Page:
Royal Dragoon Guards

The Royal Dragoon Guards

Royal Dragoon Guards Cap Badge
Active 1 August 1992 - Present
Allegiance  United Kingdom
Branch  British Army
Type Line Cavalry
Role Armoured Cavalry
Size One regiment
Part of Royal Armoured Corps
Garrison/HQ Catterick Garrison

Quis Separabit

"Who shall separate us"
March Quick - Fare Thee Well Inniskilling
Slow - 4th Dragoon Guards (first two themes) + 7th Dragoon Guards (first theme)
Anniversaries 17 March - St Patrick's Day
Colonel-in-Chief HRH The Prince of Wales, KG, KT, GCB
Colonel of
the Regiment
Col (Retd) NCT Millen OBE

Lt Gen Sir Adrian Carton De Wiart VC
Lt Gen Baden-Powell
Capt Lawrence Oates

Maj Gen Patrick Cordingly DSO
Tactical Recognition Flash
Tartan Ulster (pipes)
Arm Badge 4/7 Dragoon Guards flash
From 4th/7th Royal Dragoon Guards
Abbreviation RDG

The Royal Dragoon Guards (RDG) is a cavalry regiment of the British Army. It was formed in 1992 by the amalgamation of two other regiments: The 4th/7th Royal Dragoon Guards and the 5th Royal Inniskilling Dragoon Guards. The regiment currently serves as the Armoured Cavalry Reconnaissance unit of the 20th Armoured Infantry Brigade and is therefore equipped with the Combat Vehicle Reconnaissance (Tracked) Scimitar and is based in Catterick Garrison, North Yorkshire. Today the RDG is an operationally experienced regiment having recently served in Iraq (Operation Telic 5 and 11), and Afghanistan (Operation Herrick 12 and 17).

The regiment recruits soldiers from the North of England and Ireland, but predominantly from Yorkshire.


The regiment was formed in 1992 by the amalgamation of two other regiments: The 4th/7th Royal Dragoon Guards and the 5th Royal Inniskilling Dragoon Guards. The Royal Dragoon Guards has served in a variety of roles and theatres since its formation. Historically dragoons were flexible soldiers, who fought on and alongside their mounts.[1]

The RDG on patrol in Southern Iraq during Operation Telic 5.
Northern Ireland

In February 1996, three squadrons of the regiment deployed to Northern Ireland as part of Operation Banner, the UK military support to the civil authorities in the province. Two squadrons were employed as infantry in Belfast and the third acted as a prison guard force at the infamous Maze Prison.[2]


In the winter of 1997, A Squadron, RDG, deployed with their Challenger 1s tanks to Barice in Bosnia (Op Lodestar) with the 9th/12th Lancers Battle Group. They were subsequently moved to Mrkonjić Grad and were employed, primarily in Land Rovers, to monitor former wartime factions and inspect cantonment sites.[2]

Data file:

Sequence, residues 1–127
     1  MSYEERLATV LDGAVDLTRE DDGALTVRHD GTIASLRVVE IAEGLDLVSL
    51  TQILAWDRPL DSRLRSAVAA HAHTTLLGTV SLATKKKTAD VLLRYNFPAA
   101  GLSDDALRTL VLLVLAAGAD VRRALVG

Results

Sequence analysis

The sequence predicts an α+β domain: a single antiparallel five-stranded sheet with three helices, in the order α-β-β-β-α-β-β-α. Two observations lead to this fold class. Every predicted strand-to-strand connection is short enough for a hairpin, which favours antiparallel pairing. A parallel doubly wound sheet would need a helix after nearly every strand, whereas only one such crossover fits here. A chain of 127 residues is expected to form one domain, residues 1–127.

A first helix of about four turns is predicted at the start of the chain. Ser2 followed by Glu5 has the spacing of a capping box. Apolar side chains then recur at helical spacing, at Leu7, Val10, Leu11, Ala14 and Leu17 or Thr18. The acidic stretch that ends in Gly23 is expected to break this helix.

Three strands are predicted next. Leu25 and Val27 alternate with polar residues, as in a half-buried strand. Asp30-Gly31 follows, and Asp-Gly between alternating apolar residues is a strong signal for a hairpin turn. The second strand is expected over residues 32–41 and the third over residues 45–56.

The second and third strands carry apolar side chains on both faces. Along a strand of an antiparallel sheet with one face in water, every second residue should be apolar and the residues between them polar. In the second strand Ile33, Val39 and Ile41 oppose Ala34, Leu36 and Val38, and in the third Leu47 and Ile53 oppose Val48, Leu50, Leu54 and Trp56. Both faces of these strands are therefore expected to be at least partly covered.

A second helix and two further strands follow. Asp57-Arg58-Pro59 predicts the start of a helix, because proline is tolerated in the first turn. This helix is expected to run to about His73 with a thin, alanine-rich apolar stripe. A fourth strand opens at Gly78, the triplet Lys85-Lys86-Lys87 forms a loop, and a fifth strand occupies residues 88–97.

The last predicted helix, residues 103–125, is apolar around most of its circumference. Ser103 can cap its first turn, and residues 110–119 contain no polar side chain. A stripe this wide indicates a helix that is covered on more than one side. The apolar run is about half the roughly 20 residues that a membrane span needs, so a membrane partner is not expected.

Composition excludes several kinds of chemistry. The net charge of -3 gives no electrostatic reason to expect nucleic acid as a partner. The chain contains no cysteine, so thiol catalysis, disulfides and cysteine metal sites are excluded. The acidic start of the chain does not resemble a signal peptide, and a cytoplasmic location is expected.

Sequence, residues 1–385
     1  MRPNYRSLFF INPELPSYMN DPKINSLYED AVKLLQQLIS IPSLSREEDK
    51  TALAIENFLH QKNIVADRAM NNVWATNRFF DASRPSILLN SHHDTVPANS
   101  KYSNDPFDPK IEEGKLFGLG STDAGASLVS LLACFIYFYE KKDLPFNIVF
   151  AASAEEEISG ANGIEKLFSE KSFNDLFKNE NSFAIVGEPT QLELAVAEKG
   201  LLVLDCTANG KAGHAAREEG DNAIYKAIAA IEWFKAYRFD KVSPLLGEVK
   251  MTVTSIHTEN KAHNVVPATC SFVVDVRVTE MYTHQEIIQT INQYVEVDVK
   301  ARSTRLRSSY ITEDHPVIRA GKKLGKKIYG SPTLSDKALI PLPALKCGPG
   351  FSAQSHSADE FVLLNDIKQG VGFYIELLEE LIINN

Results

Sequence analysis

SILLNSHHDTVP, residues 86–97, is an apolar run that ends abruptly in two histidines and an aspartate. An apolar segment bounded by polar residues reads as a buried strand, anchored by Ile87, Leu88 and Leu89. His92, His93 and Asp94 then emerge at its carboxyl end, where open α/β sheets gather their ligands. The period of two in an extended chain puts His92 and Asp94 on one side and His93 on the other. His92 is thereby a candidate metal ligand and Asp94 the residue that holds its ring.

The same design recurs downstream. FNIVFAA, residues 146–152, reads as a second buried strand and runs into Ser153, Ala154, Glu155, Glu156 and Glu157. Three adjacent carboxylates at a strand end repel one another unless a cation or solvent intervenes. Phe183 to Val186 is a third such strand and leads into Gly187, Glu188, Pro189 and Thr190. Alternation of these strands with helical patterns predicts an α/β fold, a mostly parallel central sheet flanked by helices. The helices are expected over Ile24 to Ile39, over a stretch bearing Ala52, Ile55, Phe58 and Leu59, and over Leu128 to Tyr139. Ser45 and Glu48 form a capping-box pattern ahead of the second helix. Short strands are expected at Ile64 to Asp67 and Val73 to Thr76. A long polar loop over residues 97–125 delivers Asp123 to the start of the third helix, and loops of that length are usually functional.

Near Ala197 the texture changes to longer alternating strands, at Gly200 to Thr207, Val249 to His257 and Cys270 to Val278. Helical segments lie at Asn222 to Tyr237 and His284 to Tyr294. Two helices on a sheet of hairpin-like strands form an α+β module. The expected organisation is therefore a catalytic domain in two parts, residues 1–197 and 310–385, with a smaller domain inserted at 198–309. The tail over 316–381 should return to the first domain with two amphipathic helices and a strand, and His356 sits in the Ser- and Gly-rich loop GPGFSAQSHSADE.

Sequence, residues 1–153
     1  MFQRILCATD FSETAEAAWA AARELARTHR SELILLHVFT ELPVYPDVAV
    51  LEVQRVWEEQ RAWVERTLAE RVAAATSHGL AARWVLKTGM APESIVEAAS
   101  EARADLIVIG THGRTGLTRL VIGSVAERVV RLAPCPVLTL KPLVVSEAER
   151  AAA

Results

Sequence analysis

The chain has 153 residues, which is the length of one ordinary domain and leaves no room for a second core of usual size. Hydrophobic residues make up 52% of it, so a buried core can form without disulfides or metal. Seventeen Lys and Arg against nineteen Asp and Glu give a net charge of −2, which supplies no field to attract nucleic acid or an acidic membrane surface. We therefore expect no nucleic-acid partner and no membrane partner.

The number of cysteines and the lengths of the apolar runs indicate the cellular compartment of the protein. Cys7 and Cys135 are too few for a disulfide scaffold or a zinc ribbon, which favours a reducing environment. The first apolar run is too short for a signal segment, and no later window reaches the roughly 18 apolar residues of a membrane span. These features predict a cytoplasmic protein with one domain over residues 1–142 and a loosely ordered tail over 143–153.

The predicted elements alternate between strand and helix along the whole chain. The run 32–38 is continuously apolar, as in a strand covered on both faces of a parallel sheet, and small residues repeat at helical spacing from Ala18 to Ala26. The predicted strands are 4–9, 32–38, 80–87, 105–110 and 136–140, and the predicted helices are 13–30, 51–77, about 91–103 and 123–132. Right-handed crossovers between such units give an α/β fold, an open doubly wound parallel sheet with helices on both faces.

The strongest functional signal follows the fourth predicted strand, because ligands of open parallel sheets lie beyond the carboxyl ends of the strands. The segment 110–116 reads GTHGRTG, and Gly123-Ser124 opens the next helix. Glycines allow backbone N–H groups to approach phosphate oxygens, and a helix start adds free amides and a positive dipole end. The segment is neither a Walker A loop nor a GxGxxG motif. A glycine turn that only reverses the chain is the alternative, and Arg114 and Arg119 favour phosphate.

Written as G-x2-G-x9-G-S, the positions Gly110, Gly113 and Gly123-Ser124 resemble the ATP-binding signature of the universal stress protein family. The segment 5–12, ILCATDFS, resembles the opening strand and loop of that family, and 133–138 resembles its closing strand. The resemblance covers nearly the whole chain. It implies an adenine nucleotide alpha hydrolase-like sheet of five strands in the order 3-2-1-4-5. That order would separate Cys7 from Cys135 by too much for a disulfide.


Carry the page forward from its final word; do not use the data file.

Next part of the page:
In early 2001 the regiment deployed as part of Operation Frescoe (Zulu) to Cumbria and Yorkshire, with specialist Royal Navy teams, to provide emergency fire and rescue cover when the fire brigade was carrying out a programme of industrial action.[3]


The regimental Battle Group deployed to Iraq in 2004 (Operation Telic 5) and assumed control of the area south of Basra, close to the border with Kuwait.[4] The main tasks were to mentor the newly formed Iraqi Police Force and provide security for the first presidential elections in the country since the US led invasion in 2003.[5]

The regiment deployed again to Iraq towards the end of the United Kingdom's combat operations in 2007 (Op Telic 11), this time with Main Battle Tanks and Warrior Armoured Fighting Vehicles were called upon to support Iraqi led efforts to re-impose control in Basra (Operation Charge of the Knights). During this Operation Sergeant CP Richards was awarded the Military Cross for outstanding leadership and gallantry in the face of the enemy. As commander of the lead tank, working for Left Flank Company Group, Scots Guards Battle Group, he deployed on a joint arrest operation with Iraqi Security Forces in Al Quiblah, Basra. He fought his way through 5 improvised explosive device detonations, showing courageous restraint to minimise any civilian casualties, onto the target.[6]

A Challenger 2 from the Royal Dragoon Guards on Operation Charge of the Knights

During this deployment, squadrons from the regiment assisted the Iraqi Border Agency to provide security on the Border with Iran[7] and mentored Iraqi Army Units.[8]


The regiment deployed to Afghanistan in the spring of 2010[9] (Operation Herrick 12) to assist in bringing stability to Central Helmand and to provide security for the country's second Presidential Elections. Squadrons from the Regiment provided protected mobility support in the Mastiff (also known as Cougar), Viking (Bv 206), Ridgeback and Warthog armoured vehicles[10] and held ground in Nad Ali District Centre[11] following Op Moshtorak. Tasks of these squadrons included: providing route security,[12] assisting in reconstruction work[13] and clearing insurgents from southern Nad Ali.[14] The regiment had four men killed in action during the tour.[15][16][17][18] Acting corporal Mathew Stenton, one of those killed, was posthumously awarded the Military Cross for bravery. As a Viking commander he moved his vehicle forward to engage insurgents to assist in the evacuation of a friendly casualty, his citation reads: “A/Cpl Stenton’s gallantry was of the very highest order and he made the supreme act of self-sacrifice to save a comrade’s life”.[19]